Zimbabwe: Marching towards starvation

World Food Programme steps up resilience building in Zimbabwe as country stands on the brink of a major food crisis

Across Zimbabwe, drought is affecting the livelihoods of millions. In the photo: a corn field in Mutoko district. Photo: WFP/Tatenda Macheka
The building of water conservation infrastructure like this dam in Chebvute, Masvingo district, is among the activities WFP promotes to increase the resilience of communities to drought. Photo: WFP Photo library
Farmer Andrias with the fresh vegetables he can sell to local schools. Photo: WFP/Tatenda Macheka

“We are not the same people we used to be”

The integrated approach also incentivizes farmers to build up savings through community savings and loans schemes. This ensures that they can cope with other shocks unrelated to drought and crop failure, and will eventually be able to afford the insurance premiums on their own, without assistance from WFP. This is a key component to creating a thriving insurance market and lasting impact for smallholder farmers.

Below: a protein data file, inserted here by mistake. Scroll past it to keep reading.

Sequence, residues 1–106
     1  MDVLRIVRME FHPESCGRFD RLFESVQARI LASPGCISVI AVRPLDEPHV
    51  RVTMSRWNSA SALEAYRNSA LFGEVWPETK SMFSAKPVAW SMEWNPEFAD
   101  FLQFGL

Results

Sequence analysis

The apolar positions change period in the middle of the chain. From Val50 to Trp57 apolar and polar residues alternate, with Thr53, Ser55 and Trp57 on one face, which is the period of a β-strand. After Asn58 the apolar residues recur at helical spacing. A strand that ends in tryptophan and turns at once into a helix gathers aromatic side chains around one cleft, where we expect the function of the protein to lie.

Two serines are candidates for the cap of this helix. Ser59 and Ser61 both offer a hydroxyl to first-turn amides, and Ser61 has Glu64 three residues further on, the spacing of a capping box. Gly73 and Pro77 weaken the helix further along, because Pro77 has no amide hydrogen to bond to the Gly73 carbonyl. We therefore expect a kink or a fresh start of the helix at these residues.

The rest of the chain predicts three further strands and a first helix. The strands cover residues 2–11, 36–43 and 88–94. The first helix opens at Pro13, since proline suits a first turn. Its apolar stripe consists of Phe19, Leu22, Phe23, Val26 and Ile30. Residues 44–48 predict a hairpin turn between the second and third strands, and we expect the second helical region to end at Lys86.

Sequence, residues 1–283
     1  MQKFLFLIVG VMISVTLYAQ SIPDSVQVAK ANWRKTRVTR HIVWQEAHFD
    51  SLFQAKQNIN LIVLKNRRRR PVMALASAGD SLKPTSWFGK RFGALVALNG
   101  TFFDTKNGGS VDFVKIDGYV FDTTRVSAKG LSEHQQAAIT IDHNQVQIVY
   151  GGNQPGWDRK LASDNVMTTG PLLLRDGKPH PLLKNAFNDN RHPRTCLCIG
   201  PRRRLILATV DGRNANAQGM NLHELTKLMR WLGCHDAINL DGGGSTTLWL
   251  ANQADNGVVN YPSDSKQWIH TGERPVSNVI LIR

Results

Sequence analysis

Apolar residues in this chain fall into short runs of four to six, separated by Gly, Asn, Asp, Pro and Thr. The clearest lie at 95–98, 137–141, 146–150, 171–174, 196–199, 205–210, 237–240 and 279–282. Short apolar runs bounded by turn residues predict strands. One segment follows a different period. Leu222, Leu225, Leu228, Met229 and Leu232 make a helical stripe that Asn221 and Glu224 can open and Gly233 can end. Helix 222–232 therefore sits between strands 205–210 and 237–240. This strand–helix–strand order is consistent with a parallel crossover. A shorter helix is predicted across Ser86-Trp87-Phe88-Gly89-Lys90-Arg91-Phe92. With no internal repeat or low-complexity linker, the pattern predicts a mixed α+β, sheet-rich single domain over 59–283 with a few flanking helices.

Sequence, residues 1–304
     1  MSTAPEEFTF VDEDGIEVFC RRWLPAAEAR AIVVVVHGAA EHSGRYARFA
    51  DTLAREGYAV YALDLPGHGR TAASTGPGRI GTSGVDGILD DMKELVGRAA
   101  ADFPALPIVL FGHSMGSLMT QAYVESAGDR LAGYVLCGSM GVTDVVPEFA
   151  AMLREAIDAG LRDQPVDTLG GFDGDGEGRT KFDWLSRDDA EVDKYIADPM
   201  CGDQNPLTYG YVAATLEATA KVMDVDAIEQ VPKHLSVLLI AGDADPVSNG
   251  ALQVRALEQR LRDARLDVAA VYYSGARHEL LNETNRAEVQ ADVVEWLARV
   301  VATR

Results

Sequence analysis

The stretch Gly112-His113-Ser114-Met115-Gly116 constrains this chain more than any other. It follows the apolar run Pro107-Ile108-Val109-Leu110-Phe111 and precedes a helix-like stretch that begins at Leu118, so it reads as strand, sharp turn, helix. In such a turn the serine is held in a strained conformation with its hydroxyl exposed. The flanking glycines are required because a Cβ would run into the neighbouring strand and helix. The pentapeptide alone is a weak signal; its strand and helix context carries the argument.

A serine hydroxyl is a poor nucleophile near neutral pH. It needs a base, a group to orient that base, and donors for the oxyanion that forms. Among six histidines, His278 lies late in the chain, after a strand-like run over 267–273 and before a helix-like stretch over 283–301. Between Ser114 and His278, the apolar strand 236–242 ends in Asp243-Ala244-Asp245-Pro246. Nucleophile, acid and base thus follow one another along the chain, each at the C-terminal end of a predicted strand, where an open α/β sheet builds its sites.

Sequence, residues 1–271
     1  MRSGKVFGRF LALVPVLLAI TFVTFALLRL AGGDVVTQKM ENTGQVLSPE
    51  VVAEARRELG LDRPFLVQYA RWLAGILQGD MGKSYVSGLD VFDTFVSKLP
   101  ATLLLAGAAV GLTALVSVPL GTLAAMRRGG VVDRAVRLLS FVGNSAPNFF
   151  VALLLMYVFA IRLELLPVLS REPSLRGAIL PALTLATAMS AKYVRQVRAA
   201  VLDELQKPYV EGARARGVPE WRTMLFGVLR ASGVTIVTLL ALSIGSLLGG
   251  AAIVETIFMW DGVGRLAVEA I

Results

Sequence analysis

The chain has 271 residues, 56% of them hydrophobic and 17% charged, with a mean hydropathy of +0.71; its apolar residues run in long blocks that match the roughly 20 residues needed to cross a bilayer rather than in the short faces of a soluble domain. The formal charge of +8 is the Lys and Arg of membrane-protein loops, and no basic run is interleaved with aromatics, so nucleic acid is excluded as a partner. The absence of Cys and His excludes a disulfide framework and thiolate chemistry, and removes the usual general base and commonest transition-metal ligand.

Through the programme, community members learn new skills that will help them turn their farms into businesses. Photo: WFP/Lorenzo Bosi
WFP Executive Director David Beasley with programme participants. WFP is now able to buy food from them. Photo: WFP/Tatenda Macheka

Learn more about WFP’s work in Zimbabwe



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World Food Programme

The United Nations World Food Programme works towards a world of Zero Hunger.